a new (first?) course on 'fear'?

Hello fearless folk!

Greetings from the UK!

I've just been asked to draft an 11 week (x 2 hrs) undergraduate lecture/seminar course on fear/'fear' at the University of Winchester.  That's a thoroughly great opportunity.  Of course, there's a process to go through and it'll all need validating - but that means I've got around 12 months to devise it.

I'd be very keen to hear any suggestions you might have as to key texts, or resources (story, poetry, art, film, on-line stuff).  I've been reading Michael for a number of years and his (and Desh's) work, so I have some leads already. But I thought I'd open it up to members of this emergent fearless movement [editor note: that's Fearlessness Movement] that Michael has set in motion.

Thanks, Michael!


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  • You are welcome Terry. I'm so pleased this course you and your colleagues have worked on for a good year or more is coming slowly into reality. 

    The main starting question I have is "context" for this course. Like myself, anyone of us here could add "things" to possibly put into the course; however, because I am a professional curriculum designer, I have contextual questions that I need clarified (somewhat) before throwing in things to the pot. I want to know what "kind" of pot is the holder for this course on fear? Yes, it is a great opportunity indeed. So, why not focus the context for us here so we can be more targeted as to the things we might suggest. A few weeks ago, I raised this point of context (and bias) in teachers/learners in general (of which, this point is more important when studying the topic of "fear"), this quote is from The Fearology Institute (discussion) blog: 

    I argue, further, a good deal of the cognitive learning (as I'll focus on here, and not on emotional, somatic, moral learning etc.) that children, youth and adults receive is actually fear-based or fear-conditioned learning. Educational psychologists are actually not shy to admit this latter point. They have rationalized and normalized fear-conditioned learning as "useful" for lots of tasks. I won't go into my long critique of this set of assumptions and the kind of Cartesian-Newtonian paradigm and epistemology of functionalism, pragmatism, etc. that lies behind that agenda. My interest, as is the critical thinking and education behind Kincheloe & Steinberg, is to ask serious questions about "cognition" and "cognitive" and how they are conceptualized within larger contextual frames.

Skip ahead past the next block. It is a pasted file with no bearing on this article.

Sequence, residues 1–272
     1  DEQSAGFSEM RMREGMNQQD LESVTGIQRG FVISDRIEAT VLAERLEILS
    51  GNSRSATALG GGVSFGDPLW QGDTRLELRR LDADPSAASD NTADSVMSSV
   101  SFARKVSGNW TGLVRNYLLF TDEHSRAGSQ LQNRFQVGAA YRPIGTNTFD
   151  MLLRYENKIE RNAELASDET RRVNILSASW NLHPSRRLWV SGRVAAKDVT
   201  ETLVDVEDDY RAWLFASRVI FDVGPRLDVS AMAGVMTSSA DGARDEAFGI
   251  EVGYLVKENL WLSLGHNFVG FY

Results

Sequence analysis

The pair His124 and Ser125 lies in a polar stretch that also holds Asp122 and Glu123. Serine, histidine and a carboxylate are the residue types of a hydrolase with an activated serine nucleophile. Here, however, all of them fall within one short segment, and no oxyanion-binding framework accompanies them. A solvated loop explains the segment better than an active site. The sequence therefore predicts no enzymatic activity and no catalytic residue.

Terry, this means, give us more what the contextual shaping is for the course, what the general objective is, and how much you and your colleagues running the course (and the university) are willing to risk in this course? Such an introductory course can be 'straight' and like a smorgasboard, or it can provide a critical framework (and worldview) perhaps that sets an ontological, epistemological and axiological tone/framing overall for everything--serving as the design template. I realize it is an undergrad course so I'll back off being too complicated in my suggestions re: context. However, you could provide us more here, if you'd like. Also, what kind of students are likely to take this course? How do you imagine (design) the evaluation process for the course? etc. 

    Contextual stuff (more detail, even if preliminary and emergent) would be useful Terry.... 

    -thanks, again for your efforts to get a "first" course like this going at the undergraduate level... although, there are other types of fear courses too, depending on how you shape the course/curricular design ... and, then how you construct the pedagogical framing as well... -M.

  • Congratulations Terry

    I don't have anything to add at the moment, but I will 'keep an eye out' for anything I come across. Sounds like a wonderful opportunity.

    All the best


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